Speaking during the opening of the Ninth Session of the Sixth Parliament on Wednesday, President Hage Geingob tasked lawmakers with several legislative goals to make Namibian law better serve the needs of the people.
Geingob urged Parliament to pass legislation that will help combat social ills that hamper socio-economic progress in Namibia.
The theme for this year’s opening of Parliament was ‘Promoting Integrity, Accountability and Professionalism.’
He insisted that lawmakers prioritize the replacement of the unjust laws of the past regime, with effective legislation that addresses current realities within the parameters of the Namibian constitution.
He said the Namibian nation cannot continue to be subjected to “archaic and discriminatory” laws, calling on parliamentarians to work towards addressing shortcomings in local laws and statutes.
The president insisted that the tabling of bills during this session demands commitment and a higher work ethic from legislators, in order to ensure that Parliament maintains a better success rate in passing bills.
Geingob said Parliament, as the legislative body of Government, is the linchpin of the country’s governance architecture, which includes carrying out critical functions such as law making, representation of the electorate and oversight of Government activities.
“The execution of these vital functions and the responsibility of representing the electorate, requires that parliamentarians should be paragons of virtue,” he said.
The Head of State said parliamentarians as the representatives of the people should always be mindful of the fact that the most valuable asset they possess is their reputation.
“Once one parliamentarian's reputation is damaged, your effectiveness becomes impeded. Subsequently, ineffectiveness of politicians will have adverse consequences on our governance architecture, leading to losses in government revenue, lower quality public investment and public services, reduced private investment and loss of public confidence. Let your attendance and punctuality be a source of pride rather than allowing tardiness and absenteeism to be a source of your shame,” he said.
The president was at pains to note that there has been a growing trend of trust deficit between the public and governments, not only in Namibia, but worldwide.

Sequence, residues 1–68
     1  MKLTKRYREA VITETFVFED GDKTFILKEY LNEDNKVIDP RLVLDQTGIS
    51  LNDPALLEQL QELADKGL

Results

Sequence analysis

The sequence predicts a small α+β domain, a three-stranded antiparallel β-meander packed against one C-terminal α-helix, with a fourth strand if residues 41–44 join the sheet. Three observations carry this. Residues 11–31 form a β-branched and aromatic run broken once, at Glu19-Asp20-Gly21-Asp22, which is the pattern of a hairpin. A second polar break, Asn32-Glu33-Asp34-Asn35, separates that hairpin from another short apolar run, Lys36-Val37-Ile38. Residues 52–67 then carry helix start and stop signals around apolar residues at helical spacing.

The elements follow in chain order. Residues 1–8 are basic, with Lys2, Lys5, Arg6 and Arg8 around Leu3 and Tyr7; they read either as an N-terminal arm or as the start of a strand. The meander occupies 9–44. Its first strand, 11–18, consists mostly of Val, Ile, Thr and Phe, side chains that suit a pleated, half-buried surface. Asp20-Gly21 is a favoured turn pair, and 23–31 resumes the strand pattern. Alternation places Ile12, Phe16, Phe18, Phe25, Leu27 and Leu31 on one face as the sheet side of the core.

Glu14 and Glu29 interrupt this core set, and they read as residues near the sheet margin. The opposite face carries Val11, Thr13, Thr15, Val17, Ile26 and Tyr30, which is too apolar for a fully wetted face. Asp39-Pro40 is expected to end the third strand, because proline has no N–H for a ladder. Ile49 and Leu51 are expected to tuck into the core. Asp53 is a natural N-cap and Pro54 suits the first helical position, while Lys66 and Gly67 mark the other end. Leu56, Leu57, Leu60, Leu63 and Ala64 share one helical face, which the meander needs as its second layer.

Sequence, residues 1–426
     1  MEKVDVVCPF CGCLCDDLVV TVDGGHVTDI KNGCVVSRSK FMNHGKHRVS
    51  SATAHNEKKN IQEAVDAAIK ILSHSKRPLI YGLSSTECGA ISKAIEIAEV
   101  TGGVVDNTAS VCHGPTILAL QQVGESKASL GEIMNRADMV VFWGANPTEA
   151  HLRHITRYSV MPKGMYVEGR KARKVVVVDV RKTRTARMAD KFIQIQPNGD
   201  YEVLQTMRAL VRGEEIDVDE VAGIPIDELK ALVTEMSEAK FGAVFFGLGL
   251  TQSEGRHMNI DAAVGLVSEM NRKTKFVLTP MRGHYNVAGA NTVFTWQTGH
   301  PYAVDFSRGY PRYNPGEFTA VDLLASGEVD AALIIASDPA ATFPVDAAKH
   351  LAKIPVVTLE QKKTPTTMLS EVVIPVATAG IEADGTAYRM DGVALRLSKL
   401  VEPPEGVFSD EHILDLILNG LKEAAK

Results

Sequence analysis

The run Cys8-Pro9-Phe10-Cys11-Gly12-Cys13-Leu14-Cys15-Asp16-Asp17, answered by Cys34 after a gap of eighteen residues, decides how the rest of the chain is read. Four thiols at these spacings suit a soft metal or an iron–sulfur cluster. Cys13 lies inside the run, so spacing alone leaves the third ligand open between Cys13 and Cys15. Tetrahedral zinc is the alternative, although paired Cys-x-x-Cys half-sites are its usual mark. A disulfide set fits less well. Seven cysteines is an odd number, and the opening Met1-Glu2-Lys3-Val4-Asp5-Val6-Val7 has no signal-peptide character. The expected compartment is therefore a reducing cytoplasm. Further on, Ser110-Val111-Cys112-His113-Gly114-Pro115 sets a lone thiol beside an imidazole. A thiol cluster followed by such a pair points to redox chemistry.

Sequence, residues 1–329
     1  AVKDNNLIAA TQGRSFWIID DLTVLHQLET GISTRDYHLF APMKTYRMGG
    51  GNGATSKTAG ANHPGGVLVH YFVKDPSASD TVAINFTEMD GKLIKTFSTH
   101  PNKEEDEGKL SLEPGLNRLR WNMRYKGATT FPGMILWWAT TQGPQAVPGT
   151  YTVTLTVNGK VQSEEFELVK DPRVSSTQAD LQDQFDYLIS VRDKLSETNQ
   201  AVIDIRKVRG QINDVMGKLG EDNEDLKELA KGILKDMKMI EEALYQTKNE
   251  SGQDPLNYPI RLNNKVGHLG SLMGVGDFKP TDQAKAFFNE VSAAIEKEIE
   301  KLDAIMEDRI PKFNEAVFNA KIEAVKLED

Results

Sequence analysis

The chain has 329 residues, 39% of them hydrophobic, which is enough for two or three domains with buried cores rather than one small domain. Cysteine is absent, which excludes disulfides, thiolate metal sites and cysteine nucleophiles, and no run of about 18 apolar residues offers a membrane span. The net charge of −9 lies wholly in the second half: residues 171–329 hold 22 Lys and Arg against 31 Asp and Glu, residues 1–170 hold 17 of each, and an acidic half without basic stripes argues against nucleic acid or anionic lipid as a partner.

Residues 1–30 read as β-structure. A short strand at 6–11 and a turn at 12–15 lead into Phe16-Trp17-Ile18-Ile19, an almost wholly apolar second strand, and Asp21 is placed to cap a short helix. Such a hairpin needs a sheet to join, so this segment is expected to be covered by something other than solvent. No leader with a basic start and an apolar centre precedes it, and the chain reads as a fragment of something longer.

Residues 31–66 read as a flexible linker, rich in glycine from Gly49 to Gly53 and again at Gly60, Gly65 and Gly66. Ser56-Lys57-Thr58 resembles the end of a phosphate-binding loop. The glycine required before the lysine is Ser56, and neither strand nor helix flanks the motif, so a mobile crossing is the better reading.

“Issues such as perceived corruption are negatively affecting accountability and political credibility. It is for this reason that I coined the formula accountability + transparency = trust.”
He said Parliament, as the primary symbol of democracy, is an essential element in the country’s efforts to combat corruption. “Integrity, accountability and professionalism are the foundations of effective governance and facilitative the pursuit of our development objectives, while at the same time, protecting us from debilitating behaviour such as corruption,” he said.
Geingob said it is crucial that leaders improve the trust people have in Government and that such trust should begin in Parliament, where the representatives of the electorate endeavour to fulfil the important function of keeping democratic institutional systems accountable and transparent.
The President appealed to all parliamentarians to behave according to the code of conduct during debates. Reflecting the rising criticism of absenteeism in the halls of Parliament, he disparaged lawmakers for a lack of quorum in the House.
Geingob told parliamentarians that the year of accountability requires Namibians to rise to the ongoing socio-economic challenges the country faces.
“This year is a defining year. A year in which we either decide to hold hands together to consolidate and build upon our hard-earned gains or risk losing the decades of progress we have made since our independence in 1990,” he explained.
Geingob said he is looking forward to a year where Parliament will display integrity in representing the electorate, promote accountability through providing oversight and display professionalism in crafting of the legislation.
In December 2018, Justice Minister Sacky Shanghala tabled a bill in the National Assembly to scrap about 144 discriminatory and outdated legislative pieces from the Namibian law books.
In 2017, 19 bills were passed in the National Assembly out of the 40 bills which were tabled. Last year, 20 bills were passed.